Monday, December 1, 2014

Lots of Announcements!


Also in this issue

  • AF modes explained on video
  • Least Likely Place to License an Image
  • Retraction to last month
  • Parting Shot
Before I get to the interesting stuff, let me share with you some news on some long-awaited titles:

Best of the Blog - Free with Cameracraft subscription!

Blogs are usually free to read – just go to the website.  So why am I packaging the "Best of the Blog" and having the audacity to charge for something that you can read for free?

Well, if you've ever tried to peruse someone's long-running blog, you already know the answer.  You almost always end up going backwards, there's a lot to read, and there's usually a lot of crap you have to plow through (in my case it's the incessant promotion of the seminars.)  (In. Every. Single. Post.) Plus, after some time passes, the fact that the A700 ebook is now out is somehow not interesting.

Over the years, many have written to me saying how much you've enjoyed reading it, how you appreciate the useful information it contains, and that it's a cut above most other blogs.  And so for those of you who have not followed the blog for long (and even for those that have!), for your sheer convenience and enjoyment I have compiled this collection of the most popular blog posts from 2007 - 2014, based on the number of clicks, the volume of comments, and my own sheer biasness.  

The 288-page e-book can be downloaded for just $9.95 from www.FriedmanArchives.com/BestOfBlog , OR you can get it for FREE by subscribing to Cameracraft, one of the last ad-free magazines left that puts photography front-and-center.  Just email me your subscription receipt and your "Best of the Blog" holiday reading will be on its way.

Other Ebooks

As alluded to last month, the ebook on the Alpha 77 II (read that carefully - two 7's!) is now out!

I've also created a free video clearly explaining the different focusing modes of the A77 II, although most of it applies to any Sony SLT camera.  Scroll to the bottom to view the video and to read the story behind why it was made.


There's a new ebook by Tony Phillips covering the large topic of Flash for ALL Fujifilm X-cameras.  If you already own one of Tony's Fujifilm camera books then you'll find the info here mostly redundant; however you can feel free to let your Fuji-shooting friends know about this valuable resource.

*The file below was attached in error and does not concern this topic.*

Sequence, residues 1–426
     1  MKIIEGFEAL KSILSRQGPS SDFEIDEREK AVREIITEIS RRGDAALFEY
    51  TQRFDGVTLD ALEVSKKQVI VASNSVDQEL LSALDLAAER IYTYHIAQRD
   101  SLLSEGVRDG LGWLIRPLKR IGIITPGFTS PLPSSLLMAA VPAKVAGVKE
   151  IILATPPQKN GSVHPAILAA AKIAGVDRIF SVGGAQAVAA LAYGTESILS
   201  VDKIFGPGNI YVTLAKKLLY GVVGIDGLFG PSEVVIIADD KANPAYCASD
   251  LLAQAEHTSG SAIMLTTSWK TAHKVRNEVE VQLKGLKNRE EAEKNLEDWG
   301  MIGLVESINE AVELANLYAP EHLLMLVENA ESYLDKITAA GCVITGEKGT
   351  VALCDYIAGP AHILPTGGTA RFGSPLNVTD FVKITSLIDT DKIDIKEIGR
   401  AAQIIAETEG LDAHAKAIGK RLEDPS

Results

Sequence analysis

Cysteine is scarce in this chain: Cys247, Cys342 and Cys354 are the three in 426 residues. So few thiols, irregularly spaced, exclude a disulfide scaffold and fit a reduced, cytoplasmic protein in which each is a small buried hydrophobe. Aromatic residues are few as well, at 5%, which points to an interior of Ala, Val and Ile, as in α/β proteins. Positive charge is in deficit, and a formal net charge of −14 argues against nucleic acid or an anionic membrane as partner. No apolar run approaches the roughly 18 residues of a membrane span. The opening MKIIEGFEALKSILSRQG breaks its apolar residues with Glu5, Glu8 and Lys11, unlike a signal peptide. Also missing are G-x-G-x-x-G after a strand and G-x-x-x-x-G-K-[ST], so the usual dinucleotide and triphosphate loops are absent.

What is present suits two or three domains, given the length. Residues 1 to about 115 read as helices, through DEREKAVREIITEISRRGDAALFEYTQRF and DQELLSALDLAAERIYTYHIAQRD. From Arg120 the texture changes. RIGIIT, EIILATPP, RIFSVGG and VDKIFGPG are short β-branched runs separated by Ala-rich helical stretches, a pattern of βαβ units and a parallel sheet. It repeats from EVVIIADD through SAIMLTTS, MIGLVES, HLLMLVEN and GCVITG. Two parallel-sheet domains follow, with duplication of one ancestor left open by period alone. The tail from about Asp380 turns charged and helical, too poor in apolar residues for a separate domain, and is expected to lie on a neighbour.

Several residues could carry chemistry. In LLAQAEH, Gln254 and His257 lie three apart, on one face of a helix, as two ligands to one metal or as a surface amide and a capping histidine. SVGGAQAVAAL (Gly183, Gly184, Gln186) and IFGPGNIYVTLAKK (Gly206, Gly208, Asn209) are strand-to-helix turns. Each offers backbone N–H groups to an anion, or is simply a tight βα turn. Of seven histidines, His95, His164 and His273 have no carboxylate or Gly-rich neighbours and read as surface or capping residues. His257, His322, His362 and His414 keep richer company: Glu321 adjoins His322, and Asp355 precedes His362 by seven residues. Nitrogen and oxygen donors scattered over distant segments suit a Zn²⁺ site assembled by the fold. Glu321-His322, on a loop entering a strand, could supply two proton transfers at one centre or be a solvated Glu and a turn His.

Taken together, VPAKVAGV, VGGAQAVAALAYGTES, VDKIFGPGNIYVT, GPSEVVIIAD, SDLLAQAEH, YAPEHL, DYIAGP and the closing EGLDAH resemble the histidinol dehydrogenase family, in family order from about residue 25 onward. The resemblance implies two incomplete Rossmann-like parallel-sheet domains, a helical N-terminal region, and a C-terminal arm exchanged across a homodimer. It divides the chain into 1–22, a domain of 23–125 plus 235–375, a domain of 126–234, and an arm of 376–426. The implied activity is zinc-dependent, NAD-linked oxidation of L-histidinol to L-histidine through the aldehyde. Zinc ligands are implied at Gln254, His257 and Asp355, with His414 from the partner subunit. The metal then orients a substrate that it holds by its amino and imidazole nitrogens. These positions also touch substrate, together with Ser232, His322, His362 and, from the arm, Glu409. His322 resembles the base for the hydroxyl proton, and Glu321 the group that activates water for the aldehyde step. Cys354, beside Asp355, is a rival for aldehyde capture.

Don't forget the ebooks on the Sony RX-100 MK3, Fujifilm X-T1 and Olympus E-M1 are out too.  Need a gift for a photographer in your life?  These might just be it!

Next project: Version 2.0 of the A6000 book (co-written with Ross Warner) is next on the list.  Biggest difference will be the new epub and .mobi fomatting technique which should finally make this book palatable on e-readers like the Kindle.  People who purchased it from my website will receive automatic free updates; and if you bought it elsewhere just email me your purchase receipt and I'll send you a free download link.

After that I'm giving myself a day off. :-)

Next Seminars

Blah blah blah Florida Seminar blah blah blah Jan. 10-11 blah blah blah sign up now while you're still thinking about it.  Boston and Austraila are next for planning.  Send an email expressing interest at Gary at Friedman Archives dot com.


Least Likely Place to license an image

It's easy to forget that I run a stock image website as well, licensing to book and magazine editors worldwide.  Nothing to write home about, really, but sometimes I'm surprised by the unusual ways my images are used.  Below are just a few examples.  As is often true in this business, the images that end up getting licensed are not what I feel is my best work.


Here, some of my Las Vegas images of old Freemont Blvd. were used by a set designer for a theater (click on any image to make it larger):






Here a company in the School Cafeteria business decided to issue commemorative plates for an industry national conference using my photo of Boston fireworks: